A security plugin can help you keep widespread threats at bay, but it is not a replacement for proper webmaster hygiene and will probably miss the next major outbreak of undocumented WordPress malware. Take the updates of your site's third-party components seriously and add a WAF to the mix so that the newest nasties have a minuscule chance to get in and wreak havoc.

SQL injection

This exploitation method has several bitter flavors. Worst of all, it may undermine the integrity of your website's database that retains all important information. A set of competently tailored malicious SQL statements can allow a threat actor to view, change, or wipe this critical data repository. Another common scenario involves creating new user accounts with high-level permissions and then abusing them to blemish the Internet footprint and reputation of your resource.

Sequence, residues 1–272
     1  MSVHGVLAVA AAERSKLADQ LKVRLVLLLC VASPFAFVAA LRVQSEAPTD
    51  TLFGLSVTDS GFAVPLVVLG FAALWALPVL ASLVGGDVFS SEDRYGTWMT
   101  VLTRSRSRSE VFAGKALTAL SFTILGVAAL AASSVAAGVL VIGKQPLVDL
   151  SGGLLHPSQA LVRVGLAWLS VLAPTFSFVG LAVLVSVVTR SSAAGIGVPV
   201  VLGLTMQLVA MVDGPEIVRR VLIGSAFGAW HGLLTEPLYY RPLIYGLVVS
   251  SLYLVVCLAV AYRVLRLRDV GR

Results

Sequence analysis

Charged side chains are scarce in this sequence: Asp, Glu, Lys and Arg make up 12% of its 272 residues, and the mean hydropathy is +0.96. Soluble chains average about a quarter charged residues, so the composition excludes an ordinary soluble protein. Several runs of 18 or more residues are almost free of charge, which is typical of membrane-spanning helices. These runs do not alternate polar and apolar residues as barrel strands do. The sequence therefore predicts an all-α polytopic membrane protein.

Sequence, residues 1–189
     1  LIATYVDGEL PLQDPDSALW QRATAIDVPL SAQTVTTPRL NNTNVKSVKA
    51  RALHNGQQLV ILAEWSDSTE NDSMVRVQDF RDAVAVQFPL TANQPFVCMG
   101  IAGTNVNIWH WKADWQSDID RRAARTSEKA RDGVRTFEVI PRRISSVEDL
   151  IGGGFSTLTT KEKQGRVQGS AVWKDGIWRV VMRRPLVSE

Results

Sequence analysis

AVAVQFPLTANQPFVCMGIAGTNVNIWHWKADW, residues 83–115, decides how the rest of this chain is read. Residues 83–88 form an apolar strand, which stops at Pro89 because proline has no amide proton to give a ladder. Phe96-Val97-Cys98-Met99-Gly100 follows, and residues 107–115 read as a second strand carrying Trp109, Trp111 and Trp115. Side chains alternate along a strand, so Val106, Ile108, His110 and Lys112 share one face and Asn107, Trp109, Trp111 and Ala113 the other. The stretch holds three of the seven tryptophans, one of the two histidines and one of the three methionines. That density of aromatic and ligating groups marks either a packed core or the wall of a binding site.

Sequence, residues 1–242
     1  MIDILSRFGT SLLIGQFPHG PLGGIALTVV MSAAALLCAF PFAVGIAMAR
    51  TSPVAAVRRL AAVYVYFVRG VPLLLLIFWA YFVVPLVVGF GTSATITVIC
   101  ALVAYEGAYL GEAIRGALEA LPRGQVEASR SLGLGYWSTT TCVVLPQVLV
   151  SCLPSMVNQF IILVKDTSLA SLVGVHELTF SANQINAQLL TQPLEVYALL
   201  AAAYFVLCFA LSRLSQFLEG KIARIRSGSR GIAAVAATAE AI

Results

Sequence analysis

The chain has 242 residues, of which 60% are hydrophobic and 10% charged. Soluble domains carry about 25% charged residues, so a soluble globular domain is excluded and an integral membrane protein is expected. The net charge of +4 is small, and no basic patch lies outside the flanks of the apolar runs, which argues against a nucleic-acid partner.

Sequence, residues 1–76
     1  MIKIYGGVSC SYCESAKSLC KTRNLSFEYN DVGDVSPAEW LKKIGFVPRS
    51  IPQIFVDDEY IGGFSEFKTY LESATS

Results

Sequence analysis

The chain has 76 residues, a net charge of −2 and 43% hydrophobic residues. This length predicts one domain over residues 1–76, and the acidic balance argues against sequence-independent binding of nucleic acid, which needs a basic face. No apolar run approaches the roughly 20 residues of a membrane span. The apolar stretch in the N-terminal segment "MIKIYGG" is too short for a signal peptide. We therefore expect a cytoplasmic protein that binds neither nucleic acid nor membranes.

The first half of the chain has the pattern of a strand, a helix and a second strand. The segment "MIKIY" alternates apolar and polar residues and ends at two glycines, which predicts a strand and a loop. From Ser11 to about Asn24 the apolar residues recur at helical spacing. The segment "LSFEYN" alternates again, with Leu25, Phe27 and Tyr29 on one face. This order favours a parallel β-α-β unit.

To execute an SQL injection attack, hackers usually parasitize website modules intended for user interaction. The classic examples are login dialogs and contact forms. The idea is to set off unpredictable behavior of the backend in response to peculiar requests entered in these fields.

Restricting the types of allowed user input is the most effective technique to thwart such exploitation. Make sure that requests with a bunch of special characters in them, which a normal visitor wouldn't enter in a web form, never reach your WordPress database.

Additionally, since SQL injection is mainly an automated process, you should implement anti-bot measures. Integrate a challenge-response test or another form of human verification into the user interaction workflow.

Cross-site scripting

A cross-site scripting (XSS) attack is aimed at tainting a website with scripts that quietly execute dodgy commands in a visitor's web browser. Because this activity stems from a legitimate, albeit covertly compromised resource, the browser typically identifies no signs of danger and allows the scripts to retrieve cookies as well as other confidential data it stores.